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Magic Realism in the Prose of Jozef Puškáš

  • James D. Naughton
Part of the Studies in Russia and East Europe book series (SREE)

Abstract

A characteristic combination of quasi-documentary realism with elements of strange fictional expressivity is apparent in Puškáš’s novels and short stories. In the novel Štvrtý rozmer the ‘fourth dimension’ of the title already indicates the presence of ‘something else’. The term has many layers of significance: it is the time-space theme of the physics lectures given by the central character Rotarides; it is the extra space the family desires, the extra something life requires over and above the satisfaction of material needs; it is the author standing outside his own book, the dimension of the author-creator (or indeed the reader-decoder), and the novel ends with the latter aspect in the foreground. The narrative displays odd symmetries, unlikely chances, and superimpositions of different themes offering various levels of interpretation. For example, the wife states (in a text written by herself) that she once received the same banknote twice:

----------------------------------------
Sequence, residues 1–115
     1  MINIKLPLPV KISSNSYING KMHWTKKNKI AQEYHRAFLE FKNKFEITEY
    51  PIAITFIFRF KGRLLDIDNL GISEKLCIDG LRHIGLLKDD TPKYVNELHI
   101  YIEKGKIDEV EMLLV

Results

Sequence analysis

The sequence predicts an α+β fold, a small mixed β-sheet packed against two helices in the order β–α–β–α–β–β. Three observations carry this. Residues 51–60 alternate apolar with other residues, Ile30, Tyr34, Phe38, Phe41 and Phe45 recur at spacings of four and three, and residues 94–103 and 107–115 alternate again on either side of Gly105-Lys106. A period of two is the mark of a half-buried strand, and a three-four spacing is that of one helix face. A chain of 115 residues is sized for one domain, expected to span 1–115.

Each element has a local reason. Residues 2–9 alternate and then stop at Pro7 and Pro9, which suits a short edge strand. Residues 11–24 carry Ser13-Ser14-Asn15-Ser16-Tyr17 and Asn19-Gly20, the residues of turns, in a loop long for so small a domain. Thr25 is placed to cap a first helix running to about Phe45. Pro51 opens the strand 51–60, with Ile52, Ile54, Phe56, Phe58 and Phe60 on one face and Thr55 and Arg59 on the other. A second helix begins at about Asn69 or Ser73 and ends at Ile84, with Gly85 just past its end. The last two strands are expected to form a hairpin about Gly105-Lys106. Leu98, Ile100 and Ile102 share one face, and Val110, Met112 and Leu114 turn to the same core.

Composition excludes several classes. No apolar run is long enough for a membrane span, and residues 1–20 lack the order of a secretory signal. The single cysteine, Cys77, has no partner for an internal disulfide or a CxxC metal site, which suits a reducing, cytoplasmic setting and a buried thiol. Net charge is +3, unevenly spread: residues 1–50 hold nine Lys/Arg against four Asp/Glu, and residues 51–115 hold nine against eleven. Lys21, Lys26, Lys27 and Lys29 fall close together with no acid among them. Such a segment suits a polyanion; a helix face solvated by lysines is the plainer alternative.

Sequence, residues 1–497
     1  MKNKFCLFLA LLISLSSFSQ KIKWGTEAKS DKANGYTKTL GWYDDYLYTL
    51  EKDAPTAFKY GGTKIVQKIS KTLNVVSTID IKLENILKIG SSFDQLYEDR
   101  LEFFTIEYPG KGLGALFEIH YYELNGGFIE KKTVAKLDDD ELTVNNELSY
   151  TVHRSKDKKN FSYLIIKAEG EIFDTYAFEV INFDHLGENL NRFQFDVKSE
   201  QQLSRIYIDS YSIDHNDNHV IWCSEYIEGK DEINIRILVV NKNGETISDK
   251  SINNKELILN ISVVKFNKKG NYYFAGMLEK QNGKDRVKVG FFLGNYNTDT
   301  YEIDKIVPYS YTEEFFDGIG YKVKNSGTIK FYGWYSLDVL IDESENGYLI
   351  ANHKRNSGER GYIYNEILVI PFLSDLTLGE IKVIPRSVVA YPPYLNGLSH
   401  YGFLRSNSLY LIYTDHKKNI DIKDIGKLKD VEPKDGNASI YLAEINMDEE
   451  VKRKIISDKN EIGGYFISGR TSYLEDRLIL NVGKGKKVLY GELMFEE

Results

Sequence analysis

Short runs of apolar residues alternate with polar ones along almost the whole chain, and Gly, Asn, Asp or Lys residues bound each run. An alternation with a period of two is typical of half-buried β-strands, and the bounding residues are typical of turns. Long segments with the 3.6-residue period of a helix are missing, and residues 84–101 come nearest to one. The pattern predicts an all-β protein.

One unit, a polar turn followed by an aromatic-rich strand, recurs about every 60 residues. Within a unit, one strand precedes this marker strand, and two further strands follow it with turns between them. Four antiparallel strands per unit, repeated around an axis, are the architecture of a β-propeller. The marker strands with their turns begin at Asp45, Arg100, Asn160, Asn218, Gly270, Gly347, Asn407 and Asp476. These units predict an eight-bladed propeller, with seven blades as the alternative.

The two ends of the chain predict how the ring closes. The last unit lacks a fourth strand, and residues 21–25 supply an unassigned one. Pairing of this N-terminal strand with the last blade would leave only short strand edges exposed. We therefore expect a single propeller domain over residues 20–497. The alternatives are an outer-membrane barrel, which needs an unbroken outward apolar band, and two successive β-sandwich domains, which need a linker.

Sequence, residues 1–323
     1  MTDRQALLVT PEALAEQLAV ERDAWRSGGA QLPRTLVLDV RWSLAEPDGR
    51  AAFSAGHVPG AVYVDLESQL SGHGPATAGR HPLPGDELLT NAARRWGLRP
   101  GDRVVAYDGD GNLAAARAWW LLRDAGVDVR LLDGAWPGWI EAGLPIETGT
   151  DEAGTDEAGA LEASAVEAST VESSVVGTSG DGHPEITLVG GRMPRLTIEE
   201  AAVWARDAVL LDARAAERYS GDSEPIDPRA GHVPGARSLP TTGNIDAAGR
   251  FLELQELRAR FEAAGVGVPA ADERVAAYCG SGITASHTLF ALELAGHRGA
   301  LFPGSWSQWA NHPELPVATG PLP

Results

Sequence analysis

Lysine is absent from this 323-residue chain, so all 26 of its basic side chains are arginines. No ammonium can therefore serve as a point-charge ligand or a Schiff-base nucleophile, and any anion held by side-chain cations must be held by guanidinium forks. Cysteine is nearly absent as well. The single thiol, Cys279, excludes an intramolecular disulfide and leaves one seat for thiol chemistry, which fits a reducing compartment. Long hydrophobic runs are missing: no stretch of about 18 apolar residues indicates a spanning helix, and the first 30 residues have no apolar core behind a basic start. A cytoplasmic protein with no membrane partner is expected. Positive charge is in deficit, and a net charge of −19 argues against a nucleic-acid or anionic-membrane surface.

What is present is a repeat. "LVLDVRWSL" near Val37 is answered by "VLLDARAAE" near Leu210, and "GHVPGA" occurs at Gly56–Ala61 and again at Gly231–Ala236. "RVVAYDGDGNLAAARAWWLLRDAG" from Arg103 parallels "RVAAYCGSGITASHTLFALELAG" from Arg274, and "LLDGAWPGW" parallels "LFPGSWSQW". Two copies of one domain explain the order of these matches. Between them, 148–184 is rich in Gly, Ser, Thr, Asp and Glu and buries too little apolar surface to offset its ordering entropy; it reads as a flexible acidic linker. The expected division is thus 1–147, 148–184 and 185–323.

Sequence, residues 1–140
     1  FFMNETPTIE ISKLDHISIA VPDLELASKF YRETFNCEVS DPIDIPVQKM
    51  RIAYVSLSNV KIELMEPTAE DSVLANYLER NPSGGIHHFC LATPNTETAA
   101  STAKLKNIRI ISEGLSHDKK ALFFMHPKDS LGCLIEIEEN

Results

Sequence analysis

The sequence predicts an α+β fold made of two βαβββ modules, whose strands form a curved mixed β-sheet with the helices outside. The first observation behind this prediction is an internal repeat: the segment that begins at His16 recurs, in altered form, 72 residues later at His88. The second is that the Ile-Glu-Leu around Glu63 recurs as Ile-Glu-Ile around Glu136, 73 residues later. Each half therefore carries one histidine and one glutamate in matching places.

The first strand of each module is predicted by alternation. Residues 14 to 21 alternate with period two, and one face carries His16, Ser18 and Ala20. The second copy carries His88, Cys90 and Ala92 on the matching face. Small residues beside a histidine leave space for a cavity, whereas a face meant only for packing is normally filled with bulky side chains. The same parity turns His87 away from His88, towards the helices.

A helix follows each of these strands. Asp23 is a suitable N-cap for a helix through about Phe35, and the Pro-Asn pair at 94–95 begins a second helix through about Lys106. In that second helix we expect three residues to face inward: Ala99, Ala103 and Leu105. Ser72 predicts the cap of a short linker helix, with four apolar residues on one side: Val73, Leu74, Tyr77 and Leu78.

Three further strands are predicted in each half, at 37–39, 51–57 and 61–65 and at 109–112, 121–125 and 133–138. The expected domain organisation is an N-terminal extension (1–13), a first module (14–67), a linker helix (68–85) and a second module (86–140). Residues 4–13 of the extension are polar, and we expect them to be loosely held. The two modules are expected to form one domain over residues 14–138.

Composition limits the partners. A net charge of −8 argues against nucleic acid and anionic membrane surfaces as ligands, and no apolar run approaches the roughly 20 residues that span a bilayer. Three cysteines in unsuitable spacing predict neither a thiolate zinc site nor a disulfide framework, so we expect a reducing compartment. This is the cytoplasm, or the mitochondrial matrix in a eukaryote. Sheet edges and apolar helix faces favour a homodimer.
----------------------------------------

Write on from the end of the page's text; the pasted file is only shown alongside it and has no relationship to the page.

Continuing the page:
In payment I received a marked hundred-crown note, someone had drawn a tiny little heart on it with a ballpoint pen, I almost thought it was the accounts clerk VereŠ declaring his love for me in this way. … I paid with the note for something in a shop, but shortly afterwards the same marked banknote came back to me, when a certain man paid me my fee for copy-typing! It’s true I didn’t jot down the number of the bank-note, but I don’t believe anyone would amuse himself by drawing hearts on every hundred-crown note that came his way. I decided that money was always the same, however hard you try, each time you find only what you just threw out. You throwaway someting in front of you and immediately you pick it up, throw it away again and pick it up — like in a madhouse. Things have no meaning in themselves, until you perceive them for something else. … (p. 164).

Keywords

Short Story Housing Estate Sacred Tree School Garden Ginkgo Tree 
These keywords were added by machine and not by the authors. This process is experimental and the keywords may be updated as the learning algorithm improves.

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Notes

  1. 2.
    Alexander Halvoník and Vincent Šabík give contrasting interpretations of the subtitle in a discussion on Puškáš in Romboid, xxi (1986), pp. 17 and 23.Google Scholar
  2. 3.
    Ivan Sulík’s interpretation in an article on Puškáš in Romboid, xx (1985), pp. 14–17Google Scholar

Copyright information

© School of Slavonic and East European Studies 1990

Authors and Affiliations

  • James D. Naughton

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